Julius Malema: Turn down for what?

The EFF has resorted to a more literal kind of song and dance, writes Haji Mohamed Dawjee. (Gallo)

The EFF has resorted to a more literal kind of song and dance, writes Haji Mohamed Dawjee. (Gallo)

While Defence Minister Nosiviwe Mapisa-Nqakula says democracy is being undermined by the Economic Freedom Fighters’ behaviour in Parliament and press conferences are being conducted by the Justice, Crime Prevention and Security Cluster, Malema and company are gathered in an undisclosed location somewhere under the Limpopo sun, holding a dance off, asking, “Turn down for what?”

“Turn down” is slang for sober up. Popular among teenagers, being turned up is a term used for prolonged drunken behaviour – therefore “turned down for what?” essentially asks the question: Why should we sober up when we can be inebriated? – It is so much more fun.

In the case of the EFF, they are not drunk, but rather turning up in Parliament. Loud and in your face; in Jacob Zuma’s face.
Because they’re not only asking questions, they’re demanding answers. It’s so much more fun.

Bored by the fact that words like unruly, undemocratic and anarchy have been used to describe their behaviour in Parliament last week, the EFF, under the leadership of Julius Malema, has resorted to a more literal kind of song and dance.

Some sources speculate that on the surface it may seem that the EFF is spitting in the faces of Jacob Zuma and several ministers by not taking their reprimands seriously.

Some are asking: “What better way to show that you just don’t give a damn about the whole #paybackthemoney scenario, than to have a big party?” But many have advised against taking the Limpopo jig-a-thon lightly.

Malema cuts to the chase
One commentator said that the press conference held by the security cluster is seen by the EFF as just a further invitation to perpetuate their “anarchy” tactics.

“Julius is known for being quick on the trigger. He’s a straight-no-chaser kind of guy. We’ve seen it before. Unlike the president, who skirts around pertinent issues, Julius is always prepared. He always seems to know what to say and when to say it. Don’t overlook this. It may be a preparation for the EFF’s next appearance in Parliament,” said the commentator.

Uneventfulness in Parliament has for far too long been the norm. Challenges refused by the over-protected president have often resulted in unparliamentary behaviour, such as members of the house resorting to catnaps, counting sheep and on the odd occasion, playing Candy Crush on their phones.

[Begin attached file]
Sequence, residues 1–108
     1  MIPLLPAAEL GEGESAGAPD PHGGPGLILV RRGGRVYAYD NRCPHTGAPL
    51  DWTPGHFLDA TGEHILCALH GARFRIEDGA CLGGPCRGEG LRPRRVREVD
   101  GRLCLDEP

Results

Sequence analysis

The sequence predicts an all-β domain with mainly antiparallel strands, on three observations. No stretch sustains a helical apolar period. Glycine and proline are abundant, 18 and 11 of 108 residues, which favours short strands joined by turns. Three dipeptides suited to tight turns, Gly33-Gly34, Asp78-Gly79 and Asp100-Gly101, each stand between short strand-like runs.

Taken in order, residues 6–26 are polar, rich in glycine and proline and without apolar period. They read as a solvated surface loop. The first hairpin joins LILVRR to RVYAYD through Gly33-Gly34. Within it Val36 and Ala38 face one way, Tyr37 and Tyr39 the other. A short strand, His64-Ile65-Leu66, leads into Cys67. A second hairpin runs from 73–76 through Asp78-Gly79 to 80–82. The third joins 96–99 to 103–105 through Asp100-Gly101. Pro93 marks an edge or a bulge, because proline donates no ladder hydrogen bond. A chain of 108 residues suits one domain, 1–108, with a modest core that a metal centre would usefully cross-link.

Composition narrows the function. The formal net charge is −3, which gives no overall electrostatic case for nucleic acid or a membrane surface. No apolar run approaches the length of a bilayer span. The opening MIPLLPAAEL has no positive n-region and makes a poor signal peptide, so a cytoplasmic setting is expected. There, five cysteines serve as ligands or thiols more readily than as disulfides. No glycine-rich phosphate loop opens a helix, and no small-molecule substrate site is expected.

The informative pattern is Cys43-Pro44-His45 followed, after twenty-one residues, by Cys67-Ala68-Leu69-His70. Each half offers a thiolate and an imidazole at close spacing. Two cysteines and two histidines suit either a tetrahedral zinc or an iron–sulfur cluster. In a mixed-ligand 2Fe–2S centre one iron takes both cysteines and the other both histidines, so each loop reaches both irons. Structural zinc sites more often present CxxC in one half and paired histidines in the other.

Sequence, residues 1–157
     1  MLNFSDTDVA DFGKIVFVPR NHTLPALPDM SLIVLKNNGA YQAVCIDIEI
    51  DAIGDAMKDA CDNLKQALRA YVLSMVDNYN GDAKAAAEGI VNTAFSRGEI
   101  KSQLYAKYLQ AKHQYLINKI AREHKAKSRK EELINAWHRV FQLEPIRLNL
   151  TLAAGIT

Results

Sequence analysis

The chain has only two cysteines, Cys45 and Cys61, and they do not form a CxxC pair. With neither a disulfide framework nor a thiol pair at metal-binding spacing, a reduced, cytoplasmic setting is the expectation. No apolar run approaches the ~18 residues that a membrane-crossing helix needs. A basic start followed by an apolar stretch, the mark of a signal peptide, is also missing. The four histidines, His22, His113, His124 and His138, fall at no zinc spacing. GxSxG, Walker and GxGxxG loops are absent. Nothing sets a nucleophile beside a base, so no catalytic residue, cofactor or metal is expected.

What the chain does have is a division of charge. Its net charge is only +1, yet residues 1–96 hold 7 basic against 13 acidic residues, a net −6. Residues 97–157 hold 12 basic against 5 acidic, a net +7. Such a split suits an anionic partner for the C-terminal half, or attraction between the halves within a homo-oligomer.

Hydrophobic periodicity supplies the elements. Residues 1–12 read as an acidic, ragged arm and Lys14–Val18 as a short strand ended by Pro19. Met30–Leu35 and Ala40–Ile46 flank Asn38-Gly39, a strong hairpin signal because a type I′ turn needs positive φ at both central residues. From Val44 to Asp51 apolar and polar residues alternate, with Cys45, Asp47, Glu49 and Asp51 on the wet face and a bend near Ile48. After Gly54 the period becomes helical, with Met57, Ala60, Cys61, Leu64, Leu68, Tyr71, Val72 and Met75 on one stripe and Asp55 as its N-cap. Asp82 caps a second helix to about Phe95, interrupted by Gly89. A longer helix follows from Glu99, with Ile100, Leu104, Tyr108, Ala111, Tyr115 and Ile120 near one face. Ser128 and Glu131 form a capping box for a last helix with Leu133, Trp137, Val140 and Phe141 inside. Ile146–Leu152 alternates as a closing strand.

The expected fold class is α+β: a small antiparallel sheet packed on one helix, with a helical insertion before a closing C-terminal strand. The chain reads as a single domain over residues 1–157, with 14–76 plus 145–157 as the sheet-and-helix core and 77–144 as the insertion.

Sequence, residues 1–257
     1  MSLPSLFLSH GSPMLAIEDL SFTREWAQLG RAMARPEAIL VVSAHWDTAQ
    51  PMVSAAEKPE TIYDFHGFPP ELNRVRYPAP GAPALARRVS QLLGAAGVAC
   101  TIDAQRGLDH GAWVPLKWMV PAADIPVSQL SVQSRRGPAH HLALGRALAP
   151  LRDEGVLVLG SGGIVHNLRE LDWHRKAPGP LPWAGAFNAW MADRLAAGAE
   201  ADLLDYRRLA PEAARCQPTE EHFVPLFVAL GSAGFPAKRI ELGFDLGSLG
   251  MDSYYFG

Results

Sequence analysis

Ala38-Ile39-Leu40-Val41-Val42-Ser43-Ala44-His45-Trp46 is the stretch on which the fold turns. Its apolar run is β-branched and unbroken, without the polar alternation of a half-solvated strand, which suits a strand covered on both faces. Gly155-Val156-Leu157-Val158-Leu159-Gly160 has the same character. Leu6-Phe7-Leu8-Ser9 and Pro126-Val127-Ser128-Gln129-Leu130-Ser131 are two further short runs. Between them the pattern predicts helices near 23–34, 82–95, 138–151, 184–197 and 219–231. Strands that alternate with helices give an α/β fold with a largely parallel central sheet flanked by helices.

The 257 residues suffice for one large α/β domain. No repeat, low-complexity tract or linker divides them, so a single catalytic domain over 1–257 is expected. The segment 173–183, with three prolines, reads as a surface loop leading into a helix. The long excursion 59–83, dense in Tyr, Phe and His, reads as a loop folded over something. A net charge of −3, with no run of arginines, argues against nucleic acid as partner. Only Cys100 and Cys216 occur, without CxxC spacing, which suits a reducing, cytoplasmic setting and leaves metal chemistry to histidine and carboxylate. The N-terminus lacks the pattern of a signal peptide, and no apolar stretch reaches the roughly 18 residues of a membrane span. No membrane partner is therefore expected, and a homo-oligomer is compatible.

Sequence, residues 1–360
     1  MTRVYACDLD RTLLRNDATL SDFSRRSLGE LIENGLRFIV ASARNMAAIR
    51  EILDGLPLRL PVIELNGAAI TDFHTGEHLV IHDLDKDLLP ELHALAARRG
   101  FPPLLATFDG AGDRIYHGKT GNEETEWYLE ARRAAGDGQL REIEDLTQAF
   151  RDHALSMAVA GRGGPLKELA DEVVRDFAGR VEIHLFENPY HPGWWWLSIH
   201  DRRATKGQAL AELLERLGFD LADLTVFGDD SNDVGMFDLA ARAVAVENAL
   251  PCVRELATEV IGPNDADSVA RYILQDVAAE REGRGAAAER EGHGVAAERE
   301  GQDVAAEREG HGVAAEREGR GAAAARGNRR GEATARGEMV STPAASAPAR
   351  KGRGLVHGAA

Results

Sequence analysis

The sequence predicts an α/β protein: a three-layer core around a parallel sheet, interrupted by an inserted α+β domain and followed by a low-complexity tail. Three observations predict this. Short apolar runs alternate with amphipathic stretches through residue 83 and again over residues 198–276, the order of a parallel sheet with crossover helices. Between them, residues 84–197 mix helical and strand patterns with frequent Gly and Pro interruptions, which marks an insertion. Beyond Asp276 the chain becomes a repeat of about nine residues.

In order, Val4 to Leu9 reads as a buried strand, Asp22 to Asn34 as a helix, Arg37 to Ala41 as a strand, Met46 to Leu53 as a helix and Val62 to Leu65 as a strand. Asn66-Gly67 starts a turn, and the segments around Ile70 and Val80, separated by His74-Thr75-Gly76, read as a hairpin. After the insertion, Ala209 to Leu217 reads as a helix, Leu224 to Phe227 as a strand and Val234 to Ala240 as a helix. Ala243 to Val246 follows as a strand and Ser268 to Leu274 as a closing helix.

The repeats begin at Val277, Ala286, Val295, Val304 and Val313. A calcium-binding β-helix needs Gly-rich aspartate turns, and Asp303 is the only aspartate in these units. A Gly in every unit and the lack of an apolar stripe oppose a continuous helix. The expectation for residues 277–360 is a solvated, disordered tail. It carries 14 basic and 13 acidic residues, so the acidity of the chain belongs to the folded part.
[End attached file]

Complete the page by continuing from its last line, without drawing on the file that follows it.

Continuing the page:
It is said that Jacob Zuma himself is on the highest level of Candy Crush – whatever that is – just from playing the game in Parliament. (The security cluster has not responded yet on whether they will intervene with regards to the aforementioned behaviour.)

Flash-mob justice
But the EFF has had enough. Instead of pushing buttons on their phones, they prefer to spend their time in the assembly by pressing other buttons.

“When Jacob Zuma did not properly answer the question put forward by Julius Malema and the EFF, ‘When will you pay back the money?’ the EFF decided to take matters into their own hands”, said an EFF insider rumoured to be the group’s choreographer and vocal trainer.

“What many in the ruling party are seeing as behaviour that is perhaps challenging democracy, is really just a dress rehearsal for enforcing change – even if it is just a change of engagement in the house.

“Julius and I had a conversation one day and with all the bad-mouthing and finger-wagging that comes our direction, we decided that instead of mob justice, what Parliament really needed was flash-mob justice,” she said.

And while the president and ruling party pull out all the security stops to prevent “unconstitutional behaviour” (by acting unconstitutionally – no less) in order to “defend the republic” perhaps what Jacob Zuma should consider doing next time is facing the music.

He might consider dancing to the beat of the EFF’s drum, and actually answering their questions. Perhaps what Jacob Zuma should consider is turning up. So that the next time the EFF ask him, “Turn down for what?” he may have an actual answer.

Haji Mohamed Dawjee

Haji Mohamed Dawjee

Haji Mohamed Dawjee became Africa’s first social media editor in a newsroom at the Mail & Guardian, where she went on to work as deputy digital editor and a disruptor of the peace through a weekly column. A stint as the program manager for Impact Africa – a grant-disbursing fund for African digital journalists – followed. She now pursues her own writing full time by enraging readers of EWN and Women 24 with weekly and bi-monthly columns respectively. She also contributes to the Sunday Times and a range of other publications. Mohamed Dawjee's inaugural book of essays: Sorry, not sorry: Experiences of a brown woman in a white South Africa, is due for release by Penguin Random House in April 2018.Follow her on Twitter: @sage_of_absurd Read more from Haji Mohamed Dawjee

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